|Publication number||US4589728 A|
|Application number||US 06/526,553|
|Publication date||May 20, 1986|
|Filing date||Aug 26, 1983|
|Priority date||Aug 26, 1983|
|Also published as||CA1236322A, CA1236322A1, DE3484705D1, EP0145124A2, EP0145124A3, EP0145124B1|
|Publication number||06526553, 526553, US 4589728 A, US 4589728A, US-A-4589728, US4589728 A, US4589728A|
|Inventors||Richard B. Dyott, Reinhard Ulrich, John D. Meyer|
|Original Assignee||Andrew Corporation|
|Export Citation||BiBTeX, EndNote, RefMan|
|Patent Citations (17), Non-Patent Citations (28), Referenced by (36), Classifications (14), Legal Events (9)|
|External Links: USPTO, USPTO Assignment, Espacenet|
The present invention relates generally to the field of fiber optics and, more particularly, to fiber-optic polarizers.
Fiber optics is generally concerned with the transmission of light along a transparent fiber structure which has a higher refractive index than its surroundings. Currently it is possible to manufacture long, continuous strands of optical fiber which may propagate signals without substantial attenuation over long distances. It is also possible to manufacture the fiber structure as an optical waveguide wherein only preselected modes of light propagate in the fiber. By limiting wave propagation through the fiber to a single-mode, the bandwidth of the optical fiber may be exceedingly high to provide a high information-transfer capacity. Moreover, optical-fiber transmission equipment in compact, lightweight, and potentially inexpensive. Transmission over optical fibers does not generate interference and is unaffected by external interference.
While the development of optical fibers for telecommunications systems is becoming rather highly advanced, the use of fiber optics for sensing and control systems is still in its early development. In sensing and control systems a fiber-optic transducer is used that exploits either multimode or single-mode light propagation in an optical fiber.
While multimode sensors use amplitude variations in the optical signals to sense and transmit the desired information, single-mode sensors use phase variations rather than amplitude variations. The single-mode sensors usually involve mechanisms for altering such properties of the fiber as path length or index of refraction to effect the desired phase variations in the optical signal. In the case of the fiber-optic gyroscope, the single-mode sensor measures acceleration which inherently alters the propagation of light even though the fiber is not affected. Thus, in contrast to multimode sensors, in single-mode sensors the uniformity and mechanism of light propagation are especially critical.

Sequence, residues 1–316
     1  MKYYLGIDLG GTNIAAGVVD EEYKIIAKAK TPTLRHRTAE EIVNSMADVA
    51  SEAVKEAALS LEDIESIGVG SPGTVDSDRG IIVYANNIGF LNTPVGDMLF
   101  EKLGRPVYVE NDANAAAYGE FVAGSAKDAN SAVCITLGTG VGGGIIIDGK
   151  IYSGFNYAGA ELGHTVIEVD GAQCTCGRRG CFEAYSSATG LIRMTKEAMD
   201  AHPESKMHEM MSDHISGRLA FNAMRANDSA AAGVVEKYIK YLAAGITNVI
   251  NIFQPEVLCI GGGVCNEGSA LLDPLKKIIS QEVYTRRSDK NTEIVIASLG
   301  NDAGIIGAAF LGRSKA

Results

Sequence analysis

Single mode sensors are also sensitive to the state of polarization of light in the fiber since, if the fiber is not significantly polarization-holding or preserving, waves of different polarization may have different phase velocities. Thus, for single-mode transducers, it is desirable to use elliptical-core or other kinds of polarization-holding fiber. See, e.g., McMahon et al., "Fiber-Optic Transducers," IEEE Spectrum, December 1981, pages 24-27.
Even in an optical fiber that has good polarization-holding properties, however, unwanted guided waves can be present. For example, in an optical fiber having a core with an elliptical cross-section, in which the desired wave is usually polarized along the major axis of the ellipse, an unwanted wave can be present and will be polarized along the minor axis of the ellipse. Such an unwanted wave can originate, for instance, from a laser source which launches imperfectly polarized light into the fiber or from coupling between polarizations in the fiber itself. Although such unwanted waves can be tolerated during transmission, they become extremely undesirable at the output end of the fiber where the phase of the desired wave is sensed and used for various purposes.
Dyott U.S. patent application Ser. No. 404,283, filed Aug. 2, 1982, entitled "Self-Aligning Optical Fiber With Accessible Guiding Region" and assigned to the assignee of the present invention, discloses a self-aligning optical fiber comprising a core and cladding having different refractive indices and forming a guiding region located close to the surface of the fiber along a selected length of the fiber. The core of the fiber has an elliptical cross-section, and the outer surface of the fiber has a non-circular (preferably D-shaped) cross-section with a predetermined geometric relationship to the elliptical core so that the orientation of the major and minor axes of the elliptical core can be ascertained from the geometry of the outer surface. The elliptical cross-section of the core in combination with the different refractive indices of the core and cladding permit the decoupling of waves polarized along such axes.